We have a law of civil procedure, criminal procedure, and administrative procedure, but we have no law of legislative procedure. This failure has serious consequences in the field of statutory interpretation. Using simple rules garnered from Congress itself, this Article argues that those rules are capable of transforming the field of statutory interpretation. Addressing canonical cases in the field, from Holy Trinity to Bock Laundry, from Weber to Public Citizen, this Article shows how cases studied by vast numbers of law students are made substantially more manageable, and in some cases quite simple, through knowledge of congressional procedure. No longer need legislative history always be a search for one’s friends.
Call this a decision theory of statutory interpretation. This approach is based on how Congress does in fact make decisions and thus is a positive theory. Normatively, it has the advantage of privileging text without blinding judges either to relevant information or to their duty to implement Congress’s decisions, including Congress’s own decisionmaking methods. It may also have the side benefit of reducing legislative incentives to manipulate the rules or to engage in strategic behavior to induce particular statutory interpretations.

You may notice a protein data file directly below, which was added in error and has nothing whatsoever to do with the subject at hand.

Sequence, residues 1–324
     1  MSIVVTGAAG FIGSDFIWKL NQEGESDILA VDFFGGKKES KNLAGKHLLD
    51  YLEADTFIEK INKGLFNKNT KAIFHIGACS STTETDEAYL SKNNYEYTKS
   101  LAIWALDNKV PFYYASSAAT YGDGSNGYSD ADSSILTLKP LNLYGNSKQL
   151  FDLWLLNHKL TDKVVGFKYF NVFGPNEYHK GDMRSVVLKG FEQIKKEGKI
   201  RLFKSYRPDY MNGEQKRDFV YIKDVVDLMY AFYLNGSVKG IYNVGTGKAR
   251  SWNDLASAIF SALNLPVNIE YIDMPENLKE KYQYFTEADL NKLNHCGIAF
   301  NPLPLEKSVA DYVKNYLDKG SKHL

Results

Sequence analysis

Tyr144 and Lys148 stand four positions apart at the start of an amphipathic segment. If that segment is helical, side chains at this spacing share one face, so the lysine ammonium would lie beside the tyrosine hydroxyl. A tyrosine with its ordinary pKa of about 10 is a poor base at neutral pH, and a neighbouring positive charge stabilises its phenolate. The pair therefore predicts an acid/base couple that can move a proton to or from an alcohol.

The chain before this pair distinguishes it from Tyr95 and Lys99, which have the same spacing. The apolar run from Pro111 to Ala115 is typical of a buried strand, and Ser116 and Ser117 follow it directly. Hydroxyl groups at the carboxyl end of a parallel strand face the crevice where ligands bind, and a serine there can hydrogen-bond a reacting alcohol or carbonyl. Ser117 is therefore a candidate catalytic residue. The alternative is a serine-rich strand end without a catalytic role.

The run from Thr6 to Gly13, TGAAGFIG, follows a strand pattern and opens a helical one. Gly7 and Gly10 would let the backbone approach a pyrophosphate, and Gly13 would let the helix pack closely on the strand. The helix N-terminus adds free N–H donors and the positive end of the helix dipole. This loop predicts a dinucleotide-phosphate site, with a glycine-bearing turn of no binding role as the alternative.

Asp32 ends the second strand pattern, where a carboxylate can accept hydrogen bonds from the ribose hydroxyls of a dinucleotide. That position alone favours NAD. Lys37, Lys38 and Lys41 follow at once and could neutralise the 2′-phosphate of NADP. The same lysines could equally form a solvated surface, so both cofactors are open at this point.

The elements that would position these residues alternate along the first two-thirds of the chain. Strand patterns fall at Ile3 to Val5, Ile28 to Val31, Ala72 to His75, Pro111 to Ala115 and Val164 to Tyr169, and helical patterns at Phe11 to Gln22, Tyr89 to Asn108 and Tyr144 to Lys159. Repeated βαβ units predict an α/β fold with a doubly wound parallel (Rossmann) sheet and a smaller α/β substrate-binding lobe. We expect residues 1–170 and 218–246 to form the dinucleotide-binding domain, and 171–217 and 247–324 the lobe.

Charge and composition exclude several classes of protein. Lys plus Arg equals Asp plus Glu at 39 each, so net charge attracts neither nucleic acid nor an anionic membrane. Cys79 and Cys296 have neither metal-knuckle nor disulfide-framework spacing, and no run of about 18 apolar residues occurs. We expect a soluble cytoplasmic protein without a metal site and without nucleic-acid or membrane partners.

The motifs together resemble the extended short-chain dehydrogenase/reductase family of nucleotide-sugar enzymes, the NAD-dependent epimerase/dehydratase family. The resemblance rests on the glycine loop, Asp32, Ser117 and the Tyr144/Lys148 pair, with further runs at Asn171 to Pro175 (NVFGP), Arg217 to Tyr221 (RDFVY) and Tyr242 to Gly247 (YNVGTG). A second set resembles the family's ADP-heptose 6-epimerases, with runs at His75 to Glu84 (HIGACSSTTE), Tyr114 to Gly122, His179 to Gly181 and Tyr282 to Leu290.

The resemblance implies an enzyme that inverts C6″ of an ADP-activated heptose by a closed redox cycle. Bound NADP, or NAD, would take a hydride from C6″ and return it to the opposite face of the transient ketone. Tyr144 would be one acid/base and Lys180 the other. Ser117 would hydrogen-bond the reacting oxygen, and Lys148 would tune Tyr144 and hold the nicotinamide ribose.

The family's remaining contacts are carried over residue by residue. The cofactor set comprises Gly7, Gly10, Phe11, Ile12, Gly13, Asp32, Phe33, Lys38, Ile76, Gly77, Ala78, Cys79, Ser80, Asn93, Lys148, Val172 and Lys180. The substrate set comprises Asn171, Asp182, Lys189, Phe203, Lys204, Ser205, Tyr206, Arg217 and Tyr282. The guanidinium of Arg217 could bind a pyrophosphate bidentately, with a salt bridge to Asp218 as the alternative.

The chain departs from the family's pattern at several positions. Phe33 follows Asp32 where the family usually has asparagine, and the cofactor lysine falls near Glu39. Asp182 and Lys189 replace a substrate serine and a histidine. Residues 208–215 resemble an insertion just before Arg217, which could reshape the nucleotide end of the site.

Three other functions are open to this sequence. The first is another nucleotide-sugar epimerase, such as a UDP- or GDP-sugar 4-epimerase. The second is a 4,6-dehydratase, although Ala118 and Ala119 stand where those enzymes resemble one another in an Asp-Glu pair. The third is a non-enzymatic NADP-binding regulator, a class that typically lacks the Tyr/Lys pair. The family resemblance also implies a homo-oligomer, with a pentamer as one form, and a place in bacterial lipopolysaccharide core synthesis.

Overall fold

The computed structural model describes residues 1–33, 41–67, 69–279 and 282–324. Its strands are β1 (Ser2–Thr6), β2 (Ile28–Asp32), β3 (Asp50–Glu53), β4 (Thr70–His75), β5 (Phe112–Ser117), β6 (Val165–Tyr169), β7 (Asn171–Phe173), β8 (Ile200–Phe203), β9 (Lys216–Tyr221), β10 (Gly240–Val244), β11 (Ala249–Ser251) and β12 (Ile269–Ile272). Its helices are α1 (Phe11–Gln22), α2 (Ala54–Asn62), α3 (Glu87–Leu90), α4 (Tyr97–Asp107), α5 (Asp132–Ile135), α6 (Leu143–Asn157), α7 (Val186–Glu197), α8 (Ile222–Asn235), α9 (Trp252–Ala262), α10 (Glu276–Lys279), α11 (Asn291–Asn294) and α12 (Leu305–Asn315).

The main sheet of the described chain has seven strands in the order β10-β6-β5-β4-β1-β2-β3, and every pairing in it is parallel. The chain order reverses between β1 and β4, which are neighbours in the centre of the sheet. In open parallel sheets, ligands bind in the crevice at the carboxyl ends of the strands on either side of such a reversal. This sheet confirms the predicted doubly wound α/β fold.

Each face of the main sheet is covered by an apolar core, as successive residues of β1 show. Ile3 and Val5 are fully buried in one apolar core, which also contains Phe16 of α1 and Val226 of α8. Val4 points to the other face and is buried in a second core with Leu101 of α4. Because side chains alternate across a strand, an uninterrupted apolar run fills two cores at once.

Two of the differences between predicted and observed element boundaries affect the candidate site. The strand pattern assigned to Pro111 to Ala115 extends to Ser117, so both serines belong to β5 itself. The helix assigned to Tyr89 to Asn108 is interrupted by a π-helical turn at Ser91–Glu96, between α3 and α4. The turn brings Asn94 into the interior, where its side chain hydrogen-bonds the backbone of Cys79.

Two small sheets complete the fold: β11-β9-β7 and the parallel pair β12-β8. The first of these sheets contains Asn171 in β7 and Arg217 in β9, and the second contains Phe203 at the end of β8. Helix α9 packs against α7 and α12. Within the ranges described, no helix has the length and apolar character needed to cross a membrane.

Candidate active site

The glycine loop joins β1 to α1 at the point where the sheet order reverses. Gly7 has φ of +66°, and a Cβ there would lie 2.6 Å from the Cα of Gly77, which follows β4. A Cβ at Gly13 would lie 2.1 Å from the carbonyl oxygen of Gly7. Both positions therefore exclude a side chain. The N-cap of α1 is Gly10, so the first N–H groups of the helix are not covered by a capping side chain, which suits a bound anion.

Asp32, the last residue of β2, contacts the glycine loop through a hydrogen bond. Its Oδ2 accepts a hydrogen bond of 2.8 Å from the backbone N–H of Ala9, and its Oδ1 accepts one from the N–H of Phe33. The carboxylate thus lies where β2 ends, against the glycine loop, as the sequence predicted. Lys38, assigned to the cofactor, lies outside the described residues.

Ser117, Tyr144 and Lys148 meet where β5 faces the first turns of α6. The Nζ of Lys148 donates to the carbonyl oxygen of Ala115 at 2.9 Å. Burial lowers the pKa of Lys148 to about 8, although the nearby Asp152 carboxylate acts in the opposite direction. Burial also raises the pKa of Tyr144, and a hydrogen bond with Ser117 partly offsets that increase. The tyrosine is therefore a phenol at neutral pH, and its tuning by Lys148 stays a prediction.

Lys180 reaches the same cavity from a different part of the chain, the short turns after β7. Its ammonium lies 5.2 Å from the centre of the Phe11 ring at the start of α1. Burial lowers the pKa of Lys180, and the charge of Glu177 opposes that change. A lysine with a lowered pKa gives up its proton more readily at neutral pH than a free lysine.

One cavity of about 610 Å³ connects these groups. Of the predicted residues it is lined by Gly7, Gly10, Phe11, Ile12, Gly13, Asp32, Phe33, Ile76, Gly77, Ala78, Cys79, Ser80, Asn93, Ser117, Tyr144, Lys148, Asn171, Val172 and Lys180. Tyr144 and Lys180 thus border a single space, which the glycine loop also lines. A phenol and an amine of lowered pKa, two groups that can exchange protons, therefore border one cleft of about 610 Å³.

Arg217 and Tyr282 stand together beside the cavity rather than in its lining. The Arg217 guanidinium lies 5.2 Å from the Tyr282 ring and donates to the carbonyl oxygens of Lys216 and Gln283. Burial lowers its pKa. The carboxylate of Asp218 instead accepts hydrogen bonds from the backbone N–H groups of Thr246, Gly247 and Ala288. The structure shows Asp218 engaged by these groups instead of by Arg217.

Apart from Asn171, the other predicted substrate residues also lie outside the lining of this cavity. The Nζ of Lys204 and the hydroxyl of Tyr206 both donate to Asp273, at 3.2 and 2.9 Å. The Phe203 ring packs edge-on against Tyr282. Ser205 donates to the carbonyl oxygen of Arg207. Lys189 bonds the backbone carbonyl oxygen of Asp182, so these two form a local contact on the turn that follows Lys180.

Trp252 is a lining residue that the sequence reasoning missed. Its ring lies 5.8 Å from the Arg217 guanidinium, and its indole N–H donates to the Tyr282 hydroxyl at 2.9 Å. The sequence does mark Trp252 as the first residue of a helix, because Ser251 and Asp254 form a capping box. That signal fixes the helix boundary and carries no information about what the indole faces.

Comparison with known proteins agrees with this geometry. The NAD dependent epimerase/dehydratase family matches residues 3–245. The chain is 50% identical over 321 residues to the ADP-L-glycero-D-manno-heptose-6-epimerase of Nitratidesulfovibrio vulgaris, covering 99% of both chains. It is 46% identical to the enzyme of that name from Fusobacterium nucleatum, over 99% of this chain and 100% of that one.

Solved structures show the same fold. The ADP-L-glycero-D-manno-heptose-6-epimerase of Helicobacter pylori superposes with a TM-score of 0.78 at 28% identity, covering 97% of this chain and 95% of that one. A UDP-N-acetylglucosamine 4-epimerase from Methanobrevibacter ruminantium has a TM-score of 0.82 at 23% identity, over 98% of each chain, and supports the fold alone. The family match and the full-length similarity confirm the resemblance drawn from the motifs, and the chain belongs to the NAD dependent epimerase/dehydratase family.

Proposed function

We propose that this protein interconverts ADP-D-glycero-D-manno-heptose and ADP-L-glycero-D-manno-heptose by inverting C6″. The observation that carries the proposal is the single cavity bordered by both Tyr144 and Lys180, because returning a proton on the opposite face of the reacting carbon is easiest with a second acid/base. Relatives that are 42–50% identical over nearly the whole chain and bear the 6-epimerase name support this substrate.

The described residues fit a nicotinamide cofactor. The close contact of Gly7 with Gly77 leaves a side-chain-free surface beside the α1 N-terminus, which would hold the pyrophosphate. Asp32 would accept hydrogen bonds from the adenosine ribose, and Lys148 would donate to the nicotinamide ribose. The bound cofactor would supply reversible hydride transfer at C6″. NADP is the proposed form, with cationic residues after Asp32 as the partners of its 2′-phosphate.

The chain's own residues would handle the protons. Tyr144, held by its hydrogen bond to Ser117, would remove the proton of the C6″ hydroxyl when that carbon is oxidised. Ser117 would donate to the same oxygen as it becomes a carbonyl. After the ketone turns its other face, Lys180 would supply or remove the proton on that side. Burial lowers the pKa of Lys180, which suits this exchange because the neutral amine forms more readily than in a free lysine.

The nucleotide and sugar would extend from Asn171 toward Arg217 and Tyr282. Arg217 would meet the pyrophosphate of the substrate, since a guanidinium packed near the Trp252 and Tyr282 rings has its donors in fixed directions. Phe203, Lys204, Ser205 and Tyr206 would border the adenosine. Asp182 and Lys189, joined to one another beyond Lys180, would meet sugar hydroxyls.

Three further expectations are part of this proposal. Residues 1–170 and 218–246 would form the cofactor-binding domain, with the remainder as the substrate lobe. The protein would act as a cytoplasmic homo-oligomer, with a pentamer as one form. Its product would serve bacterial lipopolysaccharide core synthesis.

One in five indigent murder defendants in Philadelphia is randomly assigned representation by public defenders while the remainder receive court-appointed private attorneys. We exploit this random assignment to measure how defense counsel affect murder case outcomes. Compared to appointed counsel, public defenders in Philadelphia reduce their clients’ murder conviction rate by 19% and lower the probability that their clients receive a life sentence by 62%. Public defenders reduce overall expected time served in prison by 24%. We find no difference in the overall number of charges of which defendants are found guilty. When we apply methods used in past studies of the effect of counsel that did not use random assignment, we obtain far more modest estimated impacts, which suggests defendant sorting is an important confounder affecting past research. To understand possible explanations for the disparity in outcomes, we interviewed judges, public defenders, and attorneys who took appointments. Interviewees identified a variety of institutional factors in Philadelphia that decreased the likelihood that appointed counsel would prepare cases as well as the public defenders. The vast difference in outcomes for defendants assigned different counsel types raises important questions about the adequacy and fairness of the criminal justice system.